k8s service: how to create ELB in a private subnet

For a k8s service in a AWS private subnet. By default it won’t create ELB. In order to get k8s doing all the grunt work of ELB creation, register k8s worker instance with the ELB, add listener, tag it property. there is a magic annotation here.

magic annotation

kubectl annotate the service

kubectl --namespace=guestbook annotate service frontend  service.beta.kubernetes.io/aws-load-balancer-internal=0.0.0.0/0

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linux file security bits

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How to expose docker app on LAN

docker-machine create –driver virtualbox webexposed

docker-machine stop webexposed

VBoxManage modifyvm webexposed –natdnshostresolver1 on

VBoxManage modifyvm webexposed –natpf1 ‘http,tcp,,8080,,80’

docker-machine start webexposed

docker-machine create –driver virtualbox webexposed

docker-compose up

browser to http://lan_ip:8080/

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VBoxManage & Docker

 

Popular VBoxManage cmd

Vagrant

  • vagrant package –base   (this creates a new box)
  • vagrant box add docker-centos package.box
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gpg cheatsheet

  • install pgpdump util for viewing the PGP keys.
  • import PGP keys into a custom private key ring:  The public and private are both in private.pgp
    • gpg –import –no-default-keyring –keyring /tmp/public –secret-keyring /tmp/private private.pgp
  • list secret keys in a non default ring:
    • gpg -K –secret-keyring /tmp/private
  • list  keys in default public and secret rings:
    • gpg -K, gpg -k

A script

# import the public and private key pair prior to the encryption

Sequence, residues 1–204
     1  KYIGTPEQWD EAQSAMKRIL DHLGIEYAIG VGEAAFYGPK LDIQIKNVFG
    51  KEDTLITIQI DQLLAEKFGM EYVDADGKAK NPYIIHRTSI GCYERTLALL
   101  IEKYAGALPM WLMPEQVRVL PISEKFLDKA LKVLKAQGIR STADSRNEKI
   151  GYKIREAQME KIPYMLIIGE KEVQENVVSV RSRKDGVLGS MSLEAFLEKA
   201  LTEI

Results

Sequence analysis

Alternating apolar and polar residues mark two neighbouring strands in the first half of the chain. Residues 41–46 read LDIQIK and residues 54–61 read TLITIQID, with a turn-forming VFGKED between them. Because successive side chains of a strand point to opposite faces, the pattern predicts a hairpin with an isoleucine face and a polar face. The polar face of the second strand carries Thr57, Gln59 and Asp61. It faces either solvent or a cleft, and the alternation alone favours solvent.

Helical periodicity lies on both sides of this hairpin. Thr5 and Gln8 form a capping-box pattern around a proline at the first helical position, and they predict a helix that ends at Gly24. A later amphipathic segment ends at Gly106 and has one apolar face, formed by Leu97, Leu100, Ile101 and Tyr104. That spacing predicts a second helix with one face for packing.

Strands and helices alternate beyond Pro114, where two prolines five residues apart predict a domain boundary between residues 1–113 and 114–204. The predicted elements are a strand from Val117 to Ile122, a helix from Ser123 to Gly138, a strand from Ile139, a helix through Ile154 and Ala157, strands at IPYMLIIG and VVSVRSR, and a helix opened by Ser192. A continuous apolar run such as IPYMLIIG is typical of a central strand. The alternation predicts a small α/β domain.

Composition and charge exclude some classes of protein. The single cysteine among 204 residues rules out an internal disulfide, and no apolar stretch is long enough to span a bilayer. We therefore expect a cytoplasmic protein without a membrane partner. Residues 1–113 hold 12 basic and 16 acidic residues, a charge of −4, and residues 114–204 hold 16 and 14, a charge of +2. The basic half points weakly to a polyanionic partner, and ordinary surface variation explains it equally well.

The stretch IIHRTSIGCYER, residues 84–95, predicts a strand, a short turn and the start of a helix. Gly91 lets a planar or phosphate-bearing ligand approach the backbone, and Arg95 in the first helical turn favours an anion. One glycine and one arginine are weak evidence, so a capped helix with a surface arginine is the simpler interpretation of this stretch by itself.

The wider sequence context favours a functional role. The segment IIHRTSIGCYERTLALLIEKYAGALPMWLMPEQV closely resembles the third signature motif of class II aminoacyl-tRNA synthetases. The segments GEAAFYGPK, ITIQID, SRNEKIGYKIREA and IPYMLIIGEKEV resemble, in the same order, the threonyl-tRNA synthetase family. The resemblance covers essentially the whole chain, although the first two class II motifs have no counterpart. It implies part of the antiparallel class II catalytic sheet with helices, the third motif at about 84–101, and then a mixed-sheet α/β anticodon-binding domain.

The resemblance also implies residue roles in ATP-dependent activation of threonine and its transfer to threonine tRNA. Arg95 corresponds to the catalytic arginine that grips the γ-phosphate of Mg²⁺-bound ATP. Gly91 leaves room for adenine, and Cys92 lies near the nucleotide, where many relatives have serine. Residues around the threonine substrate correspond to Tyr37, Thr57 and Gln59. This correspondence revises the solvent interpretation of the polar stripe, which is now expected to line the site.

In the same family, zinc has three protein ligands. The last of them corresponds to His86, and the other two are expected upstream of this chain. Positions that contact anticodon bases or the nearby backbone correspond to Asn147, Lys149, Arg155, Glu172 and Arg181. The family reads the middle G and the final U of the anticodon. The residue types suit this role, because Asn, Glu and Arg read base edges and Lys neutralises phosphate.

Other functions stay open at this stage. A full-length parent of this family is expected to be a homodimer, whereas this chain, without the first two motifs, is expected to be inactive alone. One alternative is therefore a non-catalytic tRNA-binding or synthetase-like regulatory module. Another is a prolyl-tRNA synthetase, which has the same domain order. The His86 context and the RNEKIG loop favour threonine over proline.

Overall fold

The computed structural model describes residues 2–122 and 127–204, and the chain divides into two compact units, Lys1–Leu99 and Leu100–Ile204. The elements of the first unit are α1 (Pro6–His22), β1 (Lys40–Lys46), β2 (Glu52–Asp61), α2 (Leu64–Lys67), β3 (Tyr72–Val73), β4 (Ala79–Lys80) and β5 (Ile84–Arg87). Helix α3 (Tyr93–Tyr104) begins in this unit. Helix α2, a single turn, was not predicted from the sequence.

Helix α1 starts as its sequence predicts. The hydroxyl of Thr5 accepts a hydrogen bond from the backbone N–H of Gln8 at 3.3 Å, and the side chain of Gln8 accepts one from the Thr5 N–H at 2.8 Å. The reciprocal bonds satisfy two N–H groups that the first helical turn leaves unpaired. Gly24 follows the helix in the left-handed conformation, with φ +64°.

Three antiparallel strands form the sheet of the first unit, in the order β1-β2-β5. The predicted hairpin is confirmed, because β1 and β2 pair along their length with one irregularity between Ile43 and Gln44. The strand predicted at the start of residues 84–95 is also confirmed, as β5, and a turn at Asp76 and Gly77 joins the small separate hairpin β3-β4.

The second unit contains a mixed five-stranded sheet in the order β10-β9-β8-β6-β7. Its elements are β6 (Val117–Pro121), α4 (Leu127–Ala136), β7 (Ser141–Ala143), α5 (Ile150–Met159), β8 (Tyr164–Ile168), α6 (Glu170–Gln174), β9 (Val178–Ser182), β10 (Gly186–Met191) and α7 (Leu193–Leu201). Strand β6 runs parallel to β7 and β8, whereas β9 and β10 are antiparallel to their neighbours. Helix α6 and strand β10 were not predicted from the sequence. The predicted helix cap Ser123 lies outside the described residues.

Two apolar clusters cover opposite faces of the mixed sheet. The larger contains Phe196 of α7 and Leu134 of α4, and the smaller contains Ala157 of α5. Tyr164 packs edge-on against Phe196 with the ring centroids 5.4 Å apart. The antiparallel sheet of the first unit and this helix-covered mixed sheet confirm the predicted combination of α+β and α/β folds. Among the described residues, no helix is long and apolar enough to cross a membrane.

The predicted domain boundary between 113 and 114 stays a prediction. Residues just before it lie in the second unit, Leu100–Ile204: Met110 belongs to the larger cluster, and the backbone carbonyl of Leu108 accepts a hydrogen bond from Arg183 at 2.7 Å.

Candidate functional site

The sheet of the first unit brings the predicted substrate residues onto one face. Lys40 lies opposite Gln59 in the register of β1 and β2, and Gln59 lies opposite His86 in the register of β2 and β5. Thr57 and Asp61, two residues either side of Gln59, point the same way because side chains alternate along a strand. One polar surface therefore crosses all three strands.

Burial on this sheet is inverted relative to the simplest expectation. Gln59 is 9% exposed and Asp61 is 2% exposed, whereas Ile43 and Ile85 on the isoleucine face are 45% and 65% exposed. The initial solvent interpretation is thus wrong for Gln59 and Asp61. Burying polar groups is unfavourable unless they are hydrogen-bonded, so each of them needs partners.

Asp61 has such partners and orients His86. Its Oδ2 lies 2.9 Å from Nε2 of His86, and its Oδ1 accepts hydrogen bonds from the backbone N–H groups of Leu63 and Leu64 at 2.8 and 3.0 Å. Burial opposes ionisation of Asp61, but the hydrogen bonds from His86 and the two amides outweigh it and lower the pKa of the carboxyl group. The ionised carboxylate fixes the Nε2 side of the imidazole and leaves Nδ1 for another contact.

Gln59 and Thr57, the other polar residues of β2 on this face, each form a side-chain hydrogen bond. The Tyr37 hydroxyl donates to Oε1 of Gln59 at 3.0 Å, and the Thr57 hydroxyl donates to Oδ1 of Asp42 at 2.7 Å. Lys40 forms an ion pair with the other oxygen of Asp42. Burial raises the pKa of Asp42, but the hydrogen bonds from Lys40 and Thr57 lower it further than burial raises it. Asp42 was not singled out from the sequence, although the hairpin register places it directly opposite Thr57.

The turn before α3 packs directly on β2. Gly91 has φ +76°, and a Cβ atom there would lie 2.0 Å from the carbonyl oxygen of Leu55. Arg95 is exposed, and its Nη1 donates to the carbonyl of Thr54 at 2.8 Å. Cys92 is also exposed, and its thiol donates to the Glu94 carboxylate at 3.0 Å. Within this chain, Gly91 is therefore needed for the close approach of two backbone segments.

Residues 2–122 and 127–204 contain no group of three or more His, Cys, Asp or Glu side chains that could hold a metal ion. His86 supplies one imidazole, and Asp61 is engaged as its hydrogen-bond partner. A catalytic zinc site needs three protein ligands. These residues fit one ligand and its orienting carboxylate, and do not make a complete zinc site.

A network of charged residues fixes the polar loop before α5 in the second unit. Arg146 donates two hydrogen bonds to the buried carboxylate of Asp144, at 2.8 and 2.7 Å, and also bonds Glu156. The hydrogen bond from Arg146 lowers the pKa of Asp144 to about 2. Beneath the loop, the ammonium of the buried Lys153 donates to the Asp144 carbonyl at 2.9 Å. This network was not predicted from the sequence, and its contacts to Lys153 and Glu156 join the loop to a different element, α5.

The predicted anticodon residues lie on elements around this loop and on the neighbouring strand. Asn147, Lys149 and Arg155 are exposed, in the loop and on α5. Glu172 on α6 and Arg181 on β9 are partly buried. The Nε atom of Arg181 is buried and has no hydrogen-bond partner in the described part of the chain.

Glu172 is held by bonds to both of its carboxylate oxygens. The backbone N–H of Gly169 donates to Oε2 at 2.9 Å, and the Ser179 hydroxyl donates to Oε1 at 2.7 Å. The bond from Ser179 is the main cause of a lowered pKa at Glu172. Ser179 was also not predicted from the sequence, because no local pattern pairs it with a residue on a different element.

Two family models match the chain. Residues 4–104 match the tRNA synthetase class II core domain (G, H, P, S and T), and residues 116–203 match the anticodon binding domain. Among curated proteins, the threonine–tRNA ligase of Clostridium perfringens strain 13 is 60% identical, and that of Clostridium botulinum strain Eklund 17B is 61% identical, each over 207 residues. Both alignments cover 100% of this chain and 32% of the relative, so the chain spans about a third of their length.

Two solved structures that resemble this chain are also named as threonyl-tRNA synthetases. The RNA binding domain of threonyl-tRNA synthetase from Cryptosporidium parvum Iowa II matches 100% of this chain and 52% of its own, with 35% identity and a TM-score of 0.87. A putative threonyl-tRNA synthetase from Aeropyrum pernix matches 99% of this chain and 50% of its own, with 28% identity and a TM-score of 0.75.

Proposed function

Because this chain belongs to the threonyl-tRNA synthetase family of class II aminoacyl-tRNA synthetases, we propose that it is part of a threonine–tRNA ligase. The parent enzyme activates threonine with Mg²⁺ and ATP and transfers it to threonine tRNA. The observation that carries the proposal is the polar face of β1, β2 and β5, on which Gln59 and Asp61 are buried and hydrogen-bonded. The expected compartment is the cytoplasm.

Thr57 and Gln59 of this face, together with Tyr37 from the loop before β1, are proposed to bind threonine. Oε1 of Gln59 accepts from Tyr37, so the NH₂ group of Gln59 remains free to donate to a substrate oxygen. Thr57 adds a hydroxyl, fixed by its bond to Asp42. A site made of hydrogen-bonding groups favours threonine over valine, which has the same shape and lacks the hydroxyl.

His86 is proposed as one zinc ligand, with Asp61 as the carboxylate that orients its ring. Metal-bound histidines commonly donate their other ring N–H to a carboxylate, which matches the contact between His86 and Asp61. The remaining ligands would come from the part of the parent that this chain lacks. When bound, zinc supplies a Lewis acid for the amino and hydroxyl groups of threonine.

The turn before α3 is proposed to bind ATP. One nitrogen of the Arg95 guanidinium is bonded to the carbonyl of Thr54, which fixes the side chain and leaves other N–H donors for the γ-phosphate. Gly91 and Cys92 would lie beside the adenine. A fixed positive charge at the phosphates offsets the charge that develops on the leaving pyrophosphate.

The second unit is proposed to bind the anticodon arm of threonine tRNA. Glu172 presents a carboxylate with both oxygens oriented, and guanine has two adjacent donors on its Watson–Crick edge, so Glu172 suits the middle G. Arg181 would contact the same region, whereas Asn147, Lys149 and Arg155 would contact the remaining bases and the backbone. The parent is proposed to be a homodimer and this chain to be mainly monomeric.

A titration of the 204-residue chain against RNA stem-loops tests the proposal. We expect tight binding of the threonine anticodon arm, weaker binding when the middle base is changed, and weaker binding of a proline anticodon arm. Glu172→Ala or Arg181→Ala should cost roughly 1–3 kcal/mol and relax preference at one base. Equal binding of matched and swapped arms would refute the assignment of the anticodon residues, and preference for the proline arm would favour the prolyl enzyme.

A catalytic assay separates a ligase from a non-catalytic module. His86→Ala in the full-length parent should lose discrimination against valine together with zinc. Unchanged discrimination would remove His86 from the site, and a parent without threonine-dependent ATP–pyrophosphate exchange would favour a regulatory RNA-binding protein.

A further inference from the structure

gpg –import –no-default-keyring –secret-keyring ${SECRET_KEYRING} ${PRIVATE_KEY}

chmod 400 ${SECRET_KEYRING} ${PRIVATE_KEY} ${PASSPHRASE}

# decrypt
cd ${input_dir}

for pgp_file in *.gpg
do
unenc_file=${pgp_file%.gpg}
gpg –secret-keyring ${SECRET_KEYRING} –batch –output ${output_dir}/${unenc_file} –passphrase-fd 0 $pgp_file < ${PASSPHRASE}
done

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sensu

Sensu uses the embedded ruby

  • /etc/default/sensu
    EMBEDDED_RUBY=true
  • /opt/sensu/embedded/bin/gem list
  • /opt/sensu/embedded/bin/gem install sensu-plugin

mailer.rb handler set up

  • /etc/sensu/handlers/mailer.rb downloaded from sensu-community-plugin.
  • /etc/sensu/conf.d/mailer.json for configuration of mailer.rb
  • Use this handler “mailer” in a check such as /etc/sensu/conf.d/check_apache.json
  • {
    “checks”: {
    “apache_check”: {
    “handlers”: [“mailer”],
    “command”: “/etc/sensu/plugins/check-apache.rb”,
    “interval”: 60,
    “subscribers”: [ “web” ]
    }
    }
    }
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high performance python tips

Quoted from http://ict.swisscom.ch/2015/02/pyperformance/

  •  I/O bound problems can make good use of multi-threading (where the GIL is released during I/O) or asynchronous programming.
  • CPU-bound problems can be addressed by better algorithms (nothing beats an algorithm with less computational complexity), using array-based programming (NumPy), using various problem-specific packages written in a compiled language, or using Cython, a mix of C and Python.
  • Application-level caches are also helpful, because no computation is always faster than the fastest possible computation.

The GIL constraint is removed when multiple processes are used, each with its own Python interpreter and GIL. This works nicely for problems that don’t require massive interaction between data or even massive amounts of read-only data.

In my own work with Quantax, the Swisscom Market Risk System, which is written in Python, we always face demand for increased speed. Using a lot of NumPy and many levels of application caches, we achieve about 25000 valuations of financial instruments per second on one core of a laptop CPU.

However, the price for this is complexity of cache invalidations, and complicated code to map the problem to NumPy.

We use processes at a relative coarse-grained level, as worker processes to calculate reports. The main issue of processes is the massive amount of common data the financial calculations require, leading to rather large memory consumption per process. However, there is rarely more than one logical process that modifies the objects (by changing transactions or rates).

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